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The juicy biography of the scandalous novelist who lifted the lid off a New England town Indian summer is like a woman. Ripe, hotly passionate, but fickle, she comes and goes as she pleases so that one is never sure whether she will come at all, nor for how long she will stay...So begins Peyton Place by Grace Metalious (1924-1964). In September, 1956, it burst onto the American scene as the most controversial novel of the century. Its publication was also an extraordinary story of personal triumph. Grace Metalious, an unpretentious housewife from the wrong side of the tracks, had written an explosive bestseller. From a ramshackle cottage in a small New England milltown, she zoomed to national stardom. She met movie stars, famous writers, and the hangers-on who gravitate to those who achieve sudden wealth. She partied with the glamorous; she traveled; always a generous friend, she entertained lavishly. It was a Cinderella dream. But it did not last. Grace refused to be confined by the fifties' notions of a woman's place. In her struggle to find herself, she lifted the lid off sex and violence, power and powerlessness, truth and hypocrisy, and became known as the Pandora in Blue Jeans. "If I'm a lousy writer," she said, "then an awful lot of people have got lousy taste." Reporters could not resist the story: A wife and mother of three had written this sensational expose. Her own affairs, her personal excesses, her outspokenness, continually shocked and fascinated America. Emily Toth has given us a complete and sympathetic portrait of Grace: the idealistic young scribbler, the partier, the sometimes reluctant wife and mother. Tracing the television shows, the films, the Peyton Place sequels and later novels, Toth shows Grace plagued by periods of self-doubt and loneliness, striving desperately and feeling pressured to create another "hit." Grace Metalious's life is the material modern novels are made of. Inside Peyton Place is the story of a woman out of step with her times, a poignant tale of a strong yet vulnerable individual who dreamed of having everything -- and then unfortunately found it. Emily Toth, a professor of English and Women's Studies at Louisiana State University, is the author or editor of ten books, including Unveiling Kate Chopin (University Press of Mississippi) and Ms. Mentor's Impeccable Advice for Women in Academia.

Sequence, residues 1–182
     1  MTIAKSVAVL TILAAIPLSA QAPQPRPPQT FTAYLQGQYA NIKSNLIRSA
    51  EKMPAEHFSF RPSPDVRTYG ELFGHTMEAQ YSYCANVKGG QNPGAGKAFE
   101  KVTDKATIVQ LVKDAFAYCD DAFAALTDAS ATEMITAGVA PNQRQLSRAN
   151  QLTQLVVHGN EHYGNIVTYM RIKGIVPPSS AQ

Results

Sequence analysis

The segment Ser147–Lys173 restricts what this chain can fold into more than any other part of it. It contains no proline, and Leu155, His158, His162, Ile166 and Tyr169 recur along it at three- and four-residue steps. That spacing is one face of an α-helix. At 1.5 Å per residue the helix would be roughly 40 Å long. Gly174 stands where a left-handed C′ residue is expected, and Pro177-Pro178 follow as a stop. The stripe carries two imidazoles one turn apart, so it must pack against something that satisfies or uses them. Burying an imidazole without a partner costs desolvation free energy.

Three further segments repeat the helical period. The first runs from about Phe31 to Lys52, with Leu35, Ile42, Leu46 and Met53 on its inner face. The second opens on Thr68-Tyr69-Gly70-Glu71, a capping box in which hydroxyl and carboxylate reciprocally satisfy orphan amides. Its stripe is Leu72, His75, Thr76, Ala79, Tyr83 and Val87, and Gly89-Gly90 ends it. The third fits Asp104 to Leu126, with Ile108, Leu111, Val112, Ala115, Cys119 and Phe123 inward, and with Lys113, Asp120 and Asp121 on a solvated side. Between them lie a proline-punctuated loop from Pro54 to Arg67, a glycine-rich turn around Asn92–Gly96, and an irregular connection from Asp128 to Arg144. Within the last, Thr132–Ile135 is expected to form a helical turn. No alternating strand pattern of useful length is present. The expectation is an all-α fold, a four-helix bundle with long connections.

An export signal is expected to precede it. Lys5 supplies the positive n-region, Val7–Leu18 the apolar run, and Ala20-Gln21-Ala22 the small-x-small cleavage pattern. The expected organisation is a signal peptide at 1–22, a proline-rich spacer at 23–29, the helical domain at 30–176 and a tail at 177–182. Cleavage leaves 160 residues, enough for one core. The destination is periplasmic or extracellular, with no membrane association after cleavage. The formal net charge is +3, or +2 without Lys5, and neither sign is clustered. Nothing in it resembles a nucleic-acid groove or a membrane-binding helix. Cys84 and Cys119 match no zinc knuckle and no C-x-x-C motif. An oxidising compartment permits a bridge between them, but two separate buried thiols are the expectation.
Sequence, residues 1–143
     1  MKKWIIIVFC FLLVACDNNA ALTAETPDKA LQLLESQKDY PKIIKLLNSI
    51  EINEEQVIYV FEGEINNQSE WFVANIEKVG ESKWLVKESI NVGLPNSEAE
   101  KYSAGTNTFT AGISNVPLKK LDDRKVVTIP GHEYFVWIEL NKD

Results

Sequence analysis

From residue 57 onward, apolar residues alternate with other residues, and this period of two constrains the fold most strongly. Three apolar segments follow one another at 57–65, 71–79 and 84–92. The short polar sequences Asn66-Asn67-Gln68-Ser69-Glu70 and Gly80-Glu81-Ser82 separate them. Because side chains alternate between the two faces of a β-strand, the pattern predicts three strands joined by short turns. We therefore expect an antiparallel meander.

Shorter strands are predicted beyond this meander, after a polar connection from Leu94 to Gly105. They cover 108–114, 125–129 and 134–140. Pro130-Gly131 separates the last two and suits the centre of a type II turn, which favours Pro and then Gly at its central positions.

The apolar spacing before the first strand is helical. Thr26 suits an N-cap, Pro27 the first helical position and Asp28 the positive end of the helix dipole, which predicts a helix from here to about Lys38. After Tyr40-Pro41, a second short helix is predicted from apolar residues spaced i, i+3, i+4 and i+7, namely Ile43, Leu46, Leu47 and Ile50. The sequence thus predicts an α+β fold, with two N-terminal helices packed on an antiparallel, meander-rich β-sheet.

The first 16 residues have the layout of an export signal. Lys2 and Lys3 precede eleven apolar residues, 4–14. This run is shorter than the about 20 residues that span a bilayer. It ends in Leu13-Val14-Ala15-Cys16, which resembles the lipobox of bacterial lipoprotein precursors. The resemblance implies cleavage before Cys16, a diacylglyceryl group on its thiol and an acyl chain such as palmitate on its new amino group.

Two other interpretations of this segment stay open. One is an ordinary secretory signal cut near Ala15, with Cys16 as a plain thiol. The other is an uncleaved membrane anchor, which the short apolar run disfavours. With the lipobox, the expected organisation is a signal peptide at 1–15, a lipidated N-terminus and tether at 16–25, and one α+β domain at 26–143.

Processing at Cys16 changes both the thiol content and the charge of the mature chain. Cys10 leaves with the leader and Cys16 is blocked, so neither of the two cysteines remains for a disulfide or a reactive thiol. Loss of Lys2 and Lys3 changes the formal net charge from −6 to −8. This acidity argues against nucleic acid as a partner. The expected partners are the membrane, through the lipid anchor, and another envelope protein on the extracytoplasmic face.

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Book Details

ISBN: 9781578062683
ISBN-10: 1578062683
Format: Paperback
(229mm x 152mm x 31mm)
Pages: 277
Imprint: University Press of Mississippi
Publisher: University Press of Mississippi
Publish Date: 30-Apr-2000
Country of Publication: United States


US Kirkus Review » An overblown biography of the "Pandora in blue jeans" who wrote Peyton Place, featuring clumsy attempts to present Metalious as a feminist hero/victim. Born into a working-class, part-French-Canadian family and raised in industrial Manchester, N.H., through the Depression, un-beautiful Grace DeRepentigny grew up with a literary, creative bent but also with an absent father (divorce) and heavy conditioning in the "feminine mystique" (Toth quotes frequently from Betty Friedan). So, though she wrote compulsively in secret, she wound up as the teenage bride of classmate George Metalious, soon the mother of three. And while George went to college after the war, unconventional loner Grace kept writing - "but for a woman to have such a purpose in the early fifties was very odd, if not un-American, subversive, even Communist." Still, Grace persisted, and - thanks to two savvy women (a reader and publisher Kitty Messner) - Peyton Place suddenly brought the late-'50s "party years". . . when Grace married her manager/lover Carl, sampled Hollywood, and became a talk-show guest. From then on, however, it was mostly downhill: writing difficulties, alcoholism, a second divorce, money troubles (a shady agent) - virtually all of which Toth unpersuasively attributes to the conflict between creativity and femininity. Nor does the characterization of Peyton Place as a "feminist book" hold up; and, throughout, Toth seems to ignore the existence of all those other bestselling women writers in her efforts to make Metalious' rise and fall a generalized feminist tragedy. Still, nostalgic Peyton Place fans may be interested in the details here on the editing process - how the "less sexy, less commercial, and more idealistic" original was subtly transformed. And some of the PR/media miniutiae may interest historians of publishing hype. Mostly, however, a strained exercise with drab particulars. (Kirkus Reviews)

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